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New witness emerges in 1994 downing of Rwandan president's plane

AFP | File photo taken on August 3, 1975 shows Rwandan president General Juvenal Habyarimana during a OUA (Organization of African Unity) summit, in Kampala, Uganda.

French judges have heard from a new witness who claims to have seen missiles allegedly used to kill former Rwandan president Juvenal Habyarimana, whose death sparked genocide in 1994, a source close to the case told AFP on Monday.


The witness says he saw two surface-to-air missiles at the headquarters of the Tutsi militia headed by current Rwandan President Paul Kagame, which were later used to take down Habyarimana's plane.

The missile strike near the airport in the capital Kigali sparked 100 days of slaughter of the Tutsi ethnic minority by members of Habyarimana's Hutu ethnic group, leaving an estimated 800,000 people dead.

The French judiciary, who are acting on a complaint from French citizens killed aboard Habyarimana's plane, decided in October 2016 to re-open its investigation into the assassination.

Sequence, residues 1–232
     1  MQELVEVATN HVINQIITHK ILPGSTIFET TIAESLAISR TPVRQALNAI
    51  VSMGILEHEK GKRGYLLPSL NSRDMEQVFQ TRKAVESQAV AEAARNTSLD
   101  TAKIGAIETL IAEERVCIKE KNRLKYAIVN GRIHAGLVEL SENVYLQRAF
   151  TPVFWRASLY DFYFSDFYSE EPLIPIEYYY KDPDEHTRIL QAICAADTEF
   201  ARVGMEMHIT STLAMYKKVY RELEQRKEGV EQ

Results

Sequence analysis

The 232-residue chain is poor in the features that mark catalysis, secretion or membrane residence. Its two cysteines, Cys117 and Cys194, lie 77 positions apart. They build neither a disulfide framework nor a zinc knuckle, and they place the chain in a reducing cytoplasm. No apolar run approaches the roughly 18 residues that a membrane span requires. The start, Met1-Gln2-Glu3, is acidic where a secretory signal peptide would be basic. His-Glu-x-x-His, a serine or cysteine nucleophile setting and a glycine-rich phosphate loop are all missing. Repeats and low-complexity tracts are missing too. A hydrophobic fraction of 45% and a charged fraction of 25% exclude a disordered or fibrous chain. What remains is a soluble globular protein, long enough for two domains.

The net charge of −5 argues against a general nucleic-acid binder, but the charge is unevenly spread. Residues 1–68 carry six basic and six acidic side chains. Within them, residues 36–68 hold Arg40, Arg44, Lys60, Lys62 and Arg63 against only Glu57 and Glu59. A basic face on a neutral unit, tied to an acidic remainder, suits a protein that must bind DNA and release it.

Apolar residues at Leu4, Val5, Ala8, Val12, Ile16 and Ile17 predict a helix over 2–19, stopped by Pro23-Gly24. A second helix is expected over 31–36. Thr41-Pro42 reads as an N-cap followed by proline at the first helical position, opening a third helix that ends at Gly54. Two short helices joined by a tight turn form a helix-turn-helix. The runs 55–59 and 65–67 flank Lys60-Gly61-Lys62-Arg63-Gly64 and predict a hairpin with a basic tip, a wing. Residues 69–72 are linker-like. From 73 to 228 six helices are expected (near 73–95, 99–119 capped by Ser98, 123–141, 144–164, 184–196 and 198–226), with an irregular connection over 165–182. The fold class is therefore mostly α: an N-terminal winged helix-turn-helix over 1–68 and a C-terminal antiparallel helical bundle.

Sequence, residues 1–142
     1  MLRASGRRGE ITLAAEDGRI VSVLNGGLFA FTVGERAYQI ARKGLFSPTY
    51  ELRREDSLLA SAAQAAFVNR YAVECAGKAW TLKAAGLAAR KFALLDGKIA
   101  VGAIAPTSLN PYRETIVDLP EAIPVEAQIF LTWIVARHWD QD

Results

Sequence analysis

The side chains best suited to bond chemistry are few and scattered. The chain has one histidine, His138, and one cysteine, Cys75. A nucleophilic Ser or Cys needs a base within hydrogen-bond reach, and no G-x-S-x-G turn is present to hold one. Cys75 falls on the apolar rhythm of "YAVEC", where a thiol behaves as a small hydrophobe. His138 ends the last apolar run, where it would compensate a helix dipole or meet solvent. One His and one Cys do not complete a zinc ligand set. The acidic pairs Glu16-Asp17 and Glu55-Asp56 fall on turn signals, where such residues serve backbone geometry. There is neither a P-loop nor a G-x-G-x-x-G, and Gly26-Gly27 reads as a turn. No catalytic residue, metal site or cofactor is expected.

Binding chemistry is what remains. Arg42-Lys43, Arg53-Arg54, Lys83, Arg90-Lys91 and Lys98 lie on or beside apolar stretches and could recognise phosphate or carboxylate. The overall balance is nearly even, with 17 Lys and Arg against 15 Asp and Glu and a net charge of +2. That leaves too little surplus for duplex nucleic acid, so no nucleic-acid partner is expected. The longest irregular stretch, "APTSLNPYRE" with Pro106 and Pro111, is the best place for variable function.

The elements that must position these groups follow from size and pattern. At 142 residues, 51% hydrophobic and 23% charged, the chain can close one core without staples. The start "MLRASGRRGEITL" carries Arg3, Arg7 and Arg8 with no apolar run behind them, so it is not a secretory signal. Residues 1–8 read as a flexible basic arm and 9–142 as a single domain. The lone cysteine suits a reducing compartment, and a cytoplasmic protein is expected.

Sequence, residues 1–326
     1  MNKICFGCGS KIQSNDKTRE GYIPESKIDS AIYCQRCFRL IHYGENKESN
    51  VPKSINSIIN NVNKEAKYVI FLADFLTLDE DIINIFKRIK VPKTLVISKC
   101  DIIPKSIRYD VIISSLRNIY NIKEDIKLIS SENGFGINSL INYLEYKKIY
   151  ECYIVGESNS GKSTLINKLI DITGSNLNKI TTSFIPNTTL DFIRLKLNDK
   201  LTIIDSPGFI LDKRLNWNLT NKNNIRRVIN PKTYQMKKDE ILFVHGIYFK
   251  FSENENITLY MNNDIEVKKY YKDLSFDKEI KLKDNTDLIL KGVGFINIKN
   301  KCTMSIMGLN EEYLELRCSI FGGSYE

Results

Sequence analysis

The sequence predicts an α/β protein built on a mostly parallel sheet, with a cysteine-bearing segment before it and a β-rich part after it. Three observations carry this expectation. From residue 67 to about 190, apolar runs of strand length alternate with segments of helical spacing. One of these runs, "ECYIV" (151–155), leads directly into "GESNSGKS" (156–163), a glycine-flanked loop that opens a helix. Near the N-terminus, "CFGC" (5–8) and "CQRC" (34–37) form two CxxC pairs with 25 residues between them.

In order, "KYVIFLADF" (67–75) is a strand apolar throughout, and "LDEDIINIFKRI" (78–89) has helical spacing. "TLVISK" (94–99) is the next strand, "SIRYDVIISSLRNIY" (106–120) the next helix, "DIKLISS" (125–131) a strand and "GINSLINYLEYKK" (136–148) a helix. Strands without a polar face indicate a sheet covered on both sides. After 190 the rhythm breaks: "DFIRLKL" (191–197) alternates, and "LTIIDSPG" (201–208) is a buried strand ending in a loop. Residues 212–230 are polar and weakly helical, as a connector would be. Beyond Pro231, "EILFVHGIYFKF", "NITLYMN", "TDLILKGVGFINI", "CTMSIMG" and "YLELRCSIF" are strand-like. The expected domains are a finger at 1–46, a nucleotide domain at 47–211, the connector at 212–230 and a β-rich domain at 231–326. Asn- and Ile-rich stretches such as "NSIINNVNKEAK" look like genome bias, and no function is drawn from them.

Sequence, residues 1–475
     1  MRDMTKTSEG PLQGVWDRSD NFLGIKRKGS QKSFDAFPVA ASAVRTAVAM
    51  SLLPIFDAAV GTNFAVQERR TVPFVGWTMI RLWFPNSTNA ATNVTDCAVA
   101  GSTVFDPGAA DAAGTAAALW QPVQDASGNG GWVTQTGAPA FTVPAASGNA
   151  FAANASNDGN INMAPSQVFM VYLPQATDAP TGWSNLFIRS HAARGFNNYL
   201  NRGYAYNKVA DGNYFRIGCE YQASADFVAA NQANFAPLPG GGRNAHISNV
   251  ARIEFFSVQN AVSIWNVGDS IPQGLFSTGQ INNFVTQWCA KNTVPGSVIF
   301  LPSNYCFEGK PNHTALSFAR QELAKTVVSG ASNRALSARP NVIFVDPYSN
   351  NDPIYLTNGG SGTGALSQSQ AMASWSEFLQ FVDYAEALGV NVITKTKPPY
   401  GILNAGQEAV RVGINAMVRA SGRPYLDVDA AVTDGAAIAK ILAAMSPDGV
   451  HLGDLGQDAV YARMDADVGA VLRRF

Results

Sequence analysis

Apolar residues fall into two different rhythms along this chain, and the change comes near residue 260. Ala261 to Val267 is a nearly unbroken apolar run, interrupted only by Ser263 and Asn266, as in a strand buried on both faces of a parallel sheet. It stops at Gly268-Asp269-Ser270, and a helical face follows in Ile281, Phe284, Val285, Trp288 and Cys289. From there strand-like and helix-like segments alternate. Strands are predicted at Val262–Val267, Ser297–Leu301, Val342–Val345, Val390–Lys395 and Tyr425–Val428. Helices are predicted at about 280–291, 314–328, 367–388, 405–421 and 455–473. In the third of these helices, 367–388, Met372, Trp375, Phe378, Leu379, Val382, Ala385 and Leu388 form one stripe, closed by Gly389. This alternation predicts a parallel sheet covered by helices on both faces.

A total of seven people have been charged in France over the deaths, including Rwanda's current defence minister, James Kabarebe, and the alleged missile firer, Franck Nziza.

The new witness, who has spoken to French judges at least twice already, claims he loaded two SA-16 missiles onto a truck at the headquarters of the Rwandan Patriotic Front (RPF) in Mulindi in March 1994 which were destined for Kigali.

The source declined to give the name of the witness.

The alleged missile handlers "told us... that they fired from a place called Massaka and specifically from a bridge where they had a view of the airport," the witness said, according to the source who spoke to AFP.

The testimony corroborates other versions of events that point the finger at Kagame's regime.

The SA-16 is an 11-kilo (24-pound), Russian-made portable missile designed for single soldiers to attack helicopters or low-flying aircraft.

The French judges want to organise a hearing in mid-December between the new witness and the two main accused, Kabarebe and Nziza, the source said.

The French investigation has been a deep thorn in relations between France and Rwanda.

Kagame has accused French soldiers of being both accomplices and "actors" in the genocide and a Rwandan investigation found Hutu extremists were responsible for the missile attack.

In 2012, French experts identified an area held by Habyarimana's presidential guard as the most likely place from which the missile was fired.


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